stores and under taker, furniture and hardware stores. 



8353 



-IB- 
Chapter V 
GENERAL INFORMATION 
Trade Associations 

The leading trade association is the National Association of Furniture 
Manufacturers, Incornorated, organized in 1928. This association succeeded 
the National Alliance of Furniture Manufacturers and other allied organi- 
zations which had existed over a period of forty ^ears prior to disbanding 
in 1928, as a result of prosecution by the Federal Trade Commission under 
the Sherman Anti-Trust Law. In 1933 the National Association of Furniture 
Manufacturers reported a membership of over 550 manufacturers. 

The second most active trade association is the Southern Furniture Manu- 
facturers Association, organized in 1911 as a combination of existing organ- 
izations. This association reported a membership in 1933 of about 150 of 
the leading furniture manufacturers in its district. 

These two associations cover between them the entire field of houselold 
furniture manufacturing in the United States. The Southern Association dom- 
inates in the territory south of the Ohio River and east of the Mississippi 
River. The National Association covers all other territory, and also has 
a smattering of members in the Southern Association territory. Fublic testi- 
mony indicates that membership in these two organizations, together with 
supporting local associations, represents well over 10 per cent of the house- 
hold furniture produced in the United States. 

Two other specific trade associations in this Industry are the Wood 
Office Chair Manufacturers Association, and the National Association of Wood 
Office Desks and Tables, which have a combined membership of over 50 manu- 
facturers and represent over 80 per cent of the total production in these 
lines. 

Exports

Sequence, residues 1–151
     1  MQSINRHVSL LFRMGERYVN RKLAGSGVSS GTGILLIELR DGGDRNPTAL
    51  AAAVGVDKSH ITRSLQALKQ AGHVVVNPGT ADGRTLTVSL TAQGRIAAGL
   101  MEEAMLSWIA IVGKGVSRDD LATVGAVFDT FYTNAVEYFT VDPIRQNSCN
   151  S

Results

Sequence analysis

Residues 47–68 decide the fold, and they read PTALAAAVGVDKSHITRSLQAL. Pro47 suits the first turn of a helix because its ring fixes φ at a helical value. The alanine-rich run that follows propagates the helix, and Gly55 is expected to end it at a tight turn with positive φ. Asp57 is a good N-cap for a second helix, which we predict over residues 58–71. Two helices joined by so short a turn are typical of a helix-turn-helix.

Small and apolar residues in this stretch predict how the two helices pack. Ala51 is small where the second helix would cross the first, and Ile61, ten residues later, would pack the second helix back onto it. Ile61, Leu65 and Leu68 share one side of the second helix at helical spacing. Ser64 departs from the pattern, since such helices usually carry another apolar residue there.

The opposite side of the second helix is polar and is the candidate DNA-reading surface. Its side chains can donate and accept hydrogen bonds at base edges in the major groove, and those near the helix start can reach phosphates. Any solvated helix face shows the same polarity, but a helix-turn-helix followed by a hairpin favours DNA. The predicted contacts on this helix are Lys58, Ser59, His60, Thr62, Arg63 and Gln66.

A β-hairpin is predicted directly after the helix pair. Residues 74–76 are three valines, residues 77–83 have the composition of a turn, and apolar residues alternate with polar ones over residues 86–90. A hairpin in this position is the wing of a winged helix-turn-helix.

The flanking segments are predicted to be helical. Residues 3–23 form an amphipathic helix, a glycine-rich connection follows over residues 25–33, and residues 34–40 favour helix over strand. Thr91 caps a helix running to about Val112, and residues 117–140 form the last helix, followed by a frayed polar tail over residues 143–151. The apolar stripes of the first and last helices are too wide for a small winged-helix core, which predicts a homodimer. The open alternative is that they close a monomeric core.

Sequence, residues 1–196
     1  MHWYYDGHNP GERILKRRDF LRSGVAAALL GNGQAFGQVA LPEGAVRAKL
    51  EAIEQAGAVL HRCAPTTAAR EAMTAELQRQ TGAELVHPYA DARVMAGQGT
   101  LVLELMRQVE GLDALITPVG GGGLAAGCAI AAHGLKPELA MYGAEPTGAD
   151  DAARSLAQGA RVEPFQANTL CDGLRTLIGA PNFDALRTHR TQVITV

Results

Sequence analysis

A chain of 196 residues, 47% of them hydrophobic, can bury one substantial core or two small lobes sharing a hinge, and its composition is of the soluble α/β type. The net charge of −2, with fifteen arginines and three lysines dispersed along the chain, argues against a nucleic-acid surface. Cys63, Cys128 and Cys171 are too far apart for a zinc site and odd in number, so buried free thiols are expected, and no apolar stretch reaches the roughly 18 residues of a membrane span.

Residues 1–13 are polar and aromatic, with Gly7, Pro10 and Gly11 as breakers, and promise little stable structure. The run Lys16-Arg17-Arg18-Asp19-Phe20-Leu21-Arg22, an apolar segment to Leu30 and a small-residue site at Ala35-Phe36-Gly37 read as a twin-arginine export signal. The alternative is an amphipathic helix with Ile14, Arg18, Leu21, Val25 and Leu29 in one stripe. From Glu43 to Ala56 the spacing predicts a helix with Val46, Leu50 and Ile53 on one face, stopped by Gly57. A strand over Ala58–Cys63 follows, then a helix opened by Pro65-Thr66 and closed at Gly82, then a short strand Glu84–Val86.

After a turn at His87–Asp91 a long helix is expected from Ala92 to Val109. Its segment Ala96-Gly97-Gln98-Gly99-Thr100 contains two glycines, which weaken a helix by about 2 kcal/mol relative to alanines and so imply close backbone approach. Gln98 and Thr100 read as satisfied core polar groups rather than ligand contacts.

The value of furniture exoorted when comoared w~' th the total amount 
produced is insimif icant . Records show the value of that exjorted in 1929 
to have been $5,350,000. By 1934 this had declined to $919,793. 

TABLE XVII 

VALUE OF PRODUCTS EXPORTED, 
BY PRINCIPAL GROUPS 



Gr o^ 1929 1931 1933 1934 



Total $6,360,000 $1,743,531 $676,989 $919,793 
Chairs 795,000 244,206 106,893 151,760 

Other Metal 

Furniture 1,948,000 379,671 127,393 179,519 

Wood Office Fur- 
niture and store 

fixtures 549,000 154,239 44,156 67,56 3 

Other wood, willow 

and wicker Furni- 

ture 3,068,000 965,415 398.547 520,791 

8353 (Continued on following page) 



_in_ 

TABLE XVII (Continued) 

Source: Foreign Commerce and Navigation , Eureau of Foreign and Domestic 
Coinii'erce. 

List of Experts 

The following list fives the names of several nen thoroughly acquainted 
with the Indiistry: 

Dr. A. ?. Haake, General Manager 

National Association of Furniture "rianufacturers, 

566 Lake Shore Drive, 

Chicago, Illinois. 

C. B. Irrin 

Grand Rapids, Michigan. 

J. T. Ryan, Secretary, 

Southern Furniture Manuf acturers Association, 

High Point, Uorth Carolina. 



8353 



-20- 
APPENDIX 
LABOR DATA 

The 'labor data presented here are unpublished data resulting from 
a special tabulation made by the Bureau of Labor Statistics in coopera- 
tion with the Division of Research -and planning, KRA. The special 
labor data presented here for the years 1933 and 1934 are the best 
available for the Industry as defined by the Code. They represent 
exclusively those branches of the Furniture Manufacturing Industry 
covered by the Furniture Manufacturing Code. The published Bureau. 
of Labor Statistics data for furniture manufacturing are based upon